For every child registered, Xxxxxx Xxxxxx School will get £600.

Registering is quick, easy and confidential. Full details are given in the attached document. Please contact me if you have any queries.

If you qualify, your son or daughter will receive a free, healthy meal at lunchtime, you could receive other financial help, and the school gets an extra £600. If your child does not want to have a school meal, the school will still get the additional funding.

Please read the attached document and make an application if you think you qualify – the additional funding will make a real difference to the provision of education for your son or daughter.

Yours sincerely

And we wonder where our tax pounds go..?  A few moments of research revealed to my blind eyes that variations of this email have been sent to parents by schools up and down the country in recent weeks and that the scheme facilitating this is the Department of Education‘s ‘Pupil Premium’.

Its purpose is set out on the department’s website and explains:

The Government believes that the Pupil Premium, which is additional to main school funding, is the best way to address the current underlying inequalities between children eligible for Free School Meals (FSM) and their wealthier peers by ensuring that funding to tackle disadvantage reaches the pupils who need it most.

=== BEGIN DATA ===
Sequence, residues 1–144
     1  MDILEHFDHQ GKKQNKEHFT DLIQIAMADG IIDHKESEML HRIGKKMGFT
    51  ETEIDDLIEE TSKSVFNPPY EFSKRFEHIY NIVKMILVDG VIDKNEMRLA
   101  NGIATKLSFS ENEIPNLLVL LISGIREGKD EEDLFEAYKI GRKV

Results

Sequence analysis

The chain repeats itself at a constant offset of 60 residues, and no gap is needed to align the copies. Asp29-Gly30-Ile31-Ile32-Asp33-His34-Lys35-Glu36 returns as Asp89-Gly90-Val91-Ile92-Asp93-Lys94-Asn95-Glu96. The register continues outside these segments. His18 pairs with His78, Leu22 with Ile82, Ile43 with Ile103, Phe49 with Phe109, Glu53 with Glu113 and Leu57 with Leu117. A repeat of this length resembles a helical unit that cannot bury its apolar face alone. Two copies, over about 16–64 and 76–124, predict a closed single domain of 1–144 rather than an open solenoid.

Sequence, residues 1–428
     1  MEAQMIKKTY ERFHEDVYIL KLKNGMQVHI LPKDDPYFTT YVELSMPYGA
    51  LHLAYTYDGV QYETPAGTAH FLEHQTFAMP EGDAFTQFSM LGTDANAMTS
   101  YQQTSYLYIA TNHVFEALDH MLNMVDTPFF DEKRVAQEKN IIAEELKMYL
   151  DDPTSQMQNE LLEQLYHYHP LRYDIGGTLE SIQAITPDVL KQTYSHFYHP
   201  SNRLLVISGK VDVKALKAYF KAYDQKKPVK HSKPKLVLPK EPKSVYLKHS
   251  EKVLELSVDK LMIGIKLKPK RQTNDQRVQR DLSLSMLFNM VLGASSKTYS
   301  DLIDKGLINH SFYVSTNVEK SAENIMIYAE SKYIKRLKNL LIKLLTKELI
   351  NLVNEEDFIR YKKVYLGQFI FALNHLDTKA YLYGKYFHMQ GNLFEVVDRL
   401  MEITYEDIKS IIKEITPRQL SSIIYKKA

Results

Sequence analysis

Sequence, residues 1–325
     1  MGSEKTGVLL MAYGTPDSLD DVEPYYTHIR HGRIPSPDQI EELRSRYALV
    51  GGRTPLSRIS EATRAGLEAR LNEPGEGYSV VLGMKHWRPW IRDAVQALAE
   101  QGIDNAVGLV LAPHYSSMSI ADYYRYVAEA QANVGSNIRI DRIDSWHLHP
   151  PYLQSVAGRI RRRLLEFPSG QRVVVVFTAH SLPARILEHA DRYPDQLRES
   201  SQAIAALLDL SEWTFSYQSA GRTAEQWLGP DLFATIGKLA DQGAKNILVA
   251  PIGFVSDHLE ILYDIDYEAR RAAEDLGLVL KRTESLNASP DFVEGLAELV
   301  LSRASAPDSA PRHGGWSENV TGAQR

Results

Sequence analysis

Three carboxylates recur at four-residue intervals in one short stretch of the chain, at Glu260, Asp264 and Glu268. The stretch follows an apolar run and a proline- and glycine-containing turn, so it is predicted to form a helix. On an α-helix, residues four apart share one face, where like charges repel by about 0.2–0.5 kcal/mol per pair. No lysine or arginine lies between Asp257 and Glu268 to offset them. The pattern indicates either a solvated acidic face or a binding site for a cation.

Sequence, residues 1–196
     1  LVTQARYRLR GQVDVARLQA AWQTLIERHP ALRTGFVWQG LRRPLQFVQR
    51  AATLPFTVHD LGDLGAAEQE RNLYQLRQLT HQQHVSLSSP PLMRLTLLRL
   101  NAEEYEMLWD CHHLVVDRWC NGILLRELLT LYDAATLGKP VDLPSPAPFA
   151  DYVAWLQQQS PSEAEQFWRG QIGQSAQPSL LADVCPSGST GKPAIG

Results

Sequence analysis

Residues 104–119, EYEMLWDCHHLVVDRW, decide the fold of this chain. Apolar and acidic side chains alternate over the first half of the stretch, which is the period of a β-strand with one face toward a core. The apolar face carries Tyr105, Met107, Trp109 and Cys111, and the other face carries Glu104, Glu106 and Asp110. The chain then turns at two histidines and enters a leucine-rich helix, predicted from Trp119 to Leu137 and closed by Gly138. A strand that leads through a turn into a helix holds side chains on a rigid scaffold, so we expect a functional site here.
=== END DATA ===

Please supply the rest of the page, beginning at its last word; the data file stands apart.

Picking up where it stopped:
But the department also makes clear that:

Schools are free to spend the Pupil Premium as they see fit. However they will be held accountable for how they have used the additional funding to support pupils from low-income families. New measures will be included in the performance tables that will capture the achievement of those deprived pupils covered by the Pupil Premium. From September 2012, we will also require schools to publish online information about how they have used the Premium. This will ensure that parents and others are made fully aware of the attainment of pupils covered by the Premium.

However as experience has shown us when it comes to public spending, as always, the proof of the pudding is in the eating – if you will pardon the pun. Organisations often find ways around the rules in order to use the resources made available to them in a manner they were not provided for.  The style of the emails and letters sent out by schools show that effort is already underway.

If a family has financial difficulty and cannot afford to provide a meal for their child during the school day, then I feel it is right that the taxpayer funded safety net should kick in to provide for a meal.  It should always be a provision based on need.

But what we are seeing is that even if a family’s means – augmented by some form of credit or benefit that makes their children eligible for free school meals – enable them to provide a meal for their child, schools are encouraging them to register for free meals just so the school can claim more taxpayers’ money. Encouraging parents and carers to register for something they may not need – and implore them to do so even if they don’t need or want to take up the free meals – so it benefits the school, feels like fraud.